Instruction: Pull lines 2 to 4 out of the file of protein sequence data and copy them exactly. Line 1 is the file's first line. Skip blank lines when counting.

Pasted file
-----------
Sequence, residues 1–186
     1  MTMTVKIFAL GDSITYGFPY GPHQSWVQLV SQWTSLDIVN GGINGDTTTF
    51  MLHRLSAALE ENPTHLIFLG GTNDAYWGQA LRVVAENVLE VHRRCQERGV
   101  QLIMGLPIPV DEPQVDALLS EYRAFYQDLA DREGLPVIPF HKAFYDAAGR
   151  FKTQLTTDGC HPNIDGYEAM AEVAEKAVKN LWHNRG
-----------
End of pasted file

     1  MTMTVKIFAL GDSITYGFPY GPHQSWVQLV SQWTSLDIVN GGINGDTTTF
    51  MLHRLSAALE ENPTHLIFLG GTNDAYWGQA LRVVAENVLE VHRRCQERGV
   101  QLIMGLPIPV DEPQVDALLS EYRAFYQDLA DREGLPVIPF HKAFYDAAGR